“Houston’s done a really good job on the permitting process. When you get a charge station installed in your home, you have to have it permitted and inspected. And Houston’s really streamlined that process and actually put that in place as part of the readiness plan.”
That means it’s easier for electric car buyers to get their home charger installed in their garage even before taking delivery of their vehicle. Tinskey says there’s also a lot of private money and public money going into public charging stations in Houston. NRG energy, for example, is planning to install 50 rapid car chargers around the city by the end of next year. Some will go along I-45.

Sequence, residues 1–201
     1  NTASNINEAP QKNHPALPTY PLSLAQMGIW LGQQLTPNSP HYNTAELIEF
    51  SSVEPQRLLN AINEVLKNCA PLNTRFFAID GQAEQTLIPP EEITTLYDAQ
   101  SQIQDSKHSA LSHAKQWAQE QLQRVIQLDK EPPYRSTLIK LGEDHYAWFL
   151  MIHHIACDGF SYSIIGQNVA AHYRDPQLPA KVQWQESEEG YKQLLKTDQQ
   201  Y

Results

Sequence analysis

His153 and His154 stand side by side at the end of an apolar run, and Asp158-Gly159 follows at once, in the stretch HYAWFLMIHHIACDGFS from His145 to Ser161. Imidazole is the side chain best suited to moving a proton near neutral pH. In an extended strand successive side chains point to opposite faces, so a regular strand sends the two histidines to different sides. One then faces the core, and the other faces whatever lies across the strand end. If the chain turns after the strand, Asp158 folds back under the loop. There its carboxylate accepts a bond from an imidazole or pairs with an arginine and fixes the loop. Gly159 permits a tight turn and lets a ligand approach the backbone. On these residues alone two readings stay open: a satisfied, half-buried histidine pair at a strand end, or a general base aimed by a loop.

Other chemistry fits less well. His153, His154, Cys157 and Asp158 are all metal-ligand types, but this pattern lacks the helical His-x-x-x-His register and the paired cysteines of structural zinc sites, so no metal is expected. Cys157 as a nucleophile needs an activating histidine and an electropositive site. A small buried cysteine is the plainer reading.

“There’s also an urban planning approach to where those public charge stations should go. And that’s a huge step. Even though they aren’t going in maybe today, but maybe in six months from now, where those locations are has been planned. And that’s a much more efficient use of resources.”
Tinskey confesses that the cities on the list aren’t necessarily ready right now to support electric vehicles on a mass scale. But he says they all have the right programs and frameworks in place to get to that point faster.